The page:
The P&C industry is projected to finish 2023 with a combined net ratio of 102.2, just slightly below the 2022 result of 102.4.
According to a new report from the Insurance Information Institute (Triple-I) and Milliman, this trend is largely due to poor underwriting performance in personal lines, driven in part by higher catastrophe losses.
“Catastrophe losses in the first half of 2023 were the highest in over two decades, slightly higher than the record set in first half of 2021,” said Dale Porfilio, Triple-I's chief insurance officer.
But even with significant losses, Porfilio said the personal auto net combined ratio is “beginning to show incremental improvement” as the 2023 forecast sits at 109.5.
He also pointed out that the 2023 forecast of 104.8 for homeowners is nearly identical to the actual 2022 result, adding that homeowners bore the brunt of the elevated catastrophe losses seen during the first half of the year.
As for commercial lines, Porfilio noted its “strong overall performance,” with the report forecasting commercial auto premium growth of 9% in 2023, 9% in 2024 and 7% in 2025.
Overall, the P&C industry is expected to see net combined rations that will “incrementally improve each year from 2023 to 2025, with the industry returning to a small underwriting profit in 2025,” Porfilio said.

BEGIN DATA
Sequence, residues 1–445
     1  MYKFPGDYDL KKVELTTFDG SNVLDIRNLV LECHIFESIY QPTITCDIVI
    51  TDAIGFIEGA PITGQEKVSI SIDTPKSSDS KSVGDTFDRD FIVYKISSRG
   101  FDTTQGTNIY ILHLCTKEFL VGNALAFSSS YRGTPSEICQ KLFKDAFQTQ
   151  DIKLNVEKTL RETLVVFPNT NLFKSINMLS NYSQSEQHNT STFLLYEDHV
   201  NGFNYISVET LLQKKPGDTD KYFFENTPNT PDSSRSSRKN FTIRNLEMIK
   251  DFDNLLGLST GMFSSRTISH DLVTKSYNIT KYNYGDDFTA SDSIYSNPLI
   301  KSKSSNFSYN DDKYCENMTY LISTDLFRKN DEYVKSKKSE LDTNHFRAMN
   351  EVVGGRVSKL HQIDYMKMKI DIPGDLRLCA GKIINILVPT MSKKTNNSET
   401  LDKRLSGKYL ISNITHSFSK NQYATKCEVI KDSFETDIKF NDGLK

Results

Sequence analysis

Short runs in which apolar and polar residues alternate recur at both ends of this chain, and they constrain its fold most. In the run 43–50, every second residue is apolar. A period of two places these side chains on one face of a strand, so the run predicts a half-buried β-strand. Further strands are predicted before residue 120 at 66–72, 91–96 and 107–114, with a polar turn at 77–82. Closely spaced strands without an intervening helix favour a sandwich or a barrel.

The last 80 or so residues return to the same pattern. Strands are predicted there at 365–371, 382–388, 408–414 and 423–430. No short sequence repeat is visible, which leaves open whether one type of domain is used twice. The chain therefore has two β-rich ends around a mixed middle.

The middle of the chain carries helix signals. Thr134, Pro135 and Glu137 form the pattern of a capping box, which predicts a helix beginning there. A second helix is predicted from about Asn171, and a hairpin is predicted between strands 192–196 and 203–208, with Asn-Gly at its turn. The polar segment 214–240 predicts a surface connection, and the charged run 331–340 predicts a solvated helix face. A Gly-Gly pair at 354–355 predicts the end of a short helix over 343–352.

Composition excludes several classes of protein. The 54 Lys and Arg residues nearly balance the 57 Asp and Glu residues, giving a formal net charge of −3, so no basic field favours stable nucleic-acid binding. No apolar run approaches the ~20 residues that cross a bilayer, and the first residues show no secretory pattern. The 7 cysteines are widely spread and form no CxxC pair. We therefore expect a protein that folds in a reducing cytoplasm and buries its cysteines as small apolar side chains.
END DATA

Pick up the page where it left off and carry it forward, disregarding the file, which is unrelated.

Other factors contributing to the industry’s underwriting performance are inflation and rising interest rates, as noted by Triple-I chief economist and data scientist Michel Léonard.
According to Léonard, property/casualty underly growth is expected to align with overall GDP growth going into 2024, benefiting from its “post-COVID growth bump.”
Additionally, he said that P/C replacement costs are expected to increase slower than overall inflation and that the US CPI will likely maintain its mid-to-upper 3% range through the end of the year.
Underlying growth for private passenger auto has also gone back to its pre-pandemic trend, Léonard added, while replacement costs continue to decelerate as supply chain backlogs and labor disruptions come to an end.
On this note, Porfilio said that a cumulative replacement cost increase of 55% from 2019-2022 contributed to their forecast of underwriting losses through 2025.
However, premium growth from 2023 to 2025 is expected to be elevated primarily due to rate increases.
Jason B. Kurtz, a principal and consulting actuary at Milliman, additionally highlighted workers' compensation as “the brightest spot among all major P&C product lines,” with strong underwriting profitability projected through 2025.
Even so, premium growth is expected to be modest at approximately 3% each year, he said.
“Overall frequency continues its long-term negative trend as workplaces continue to get safer,” added Donna Glenn, chief actuary at the National Council on Compensation Insurance (NCCI). “Medical severity has remained moderate despite rising inflation, and wages and employment are above pre-pandemic levels.”
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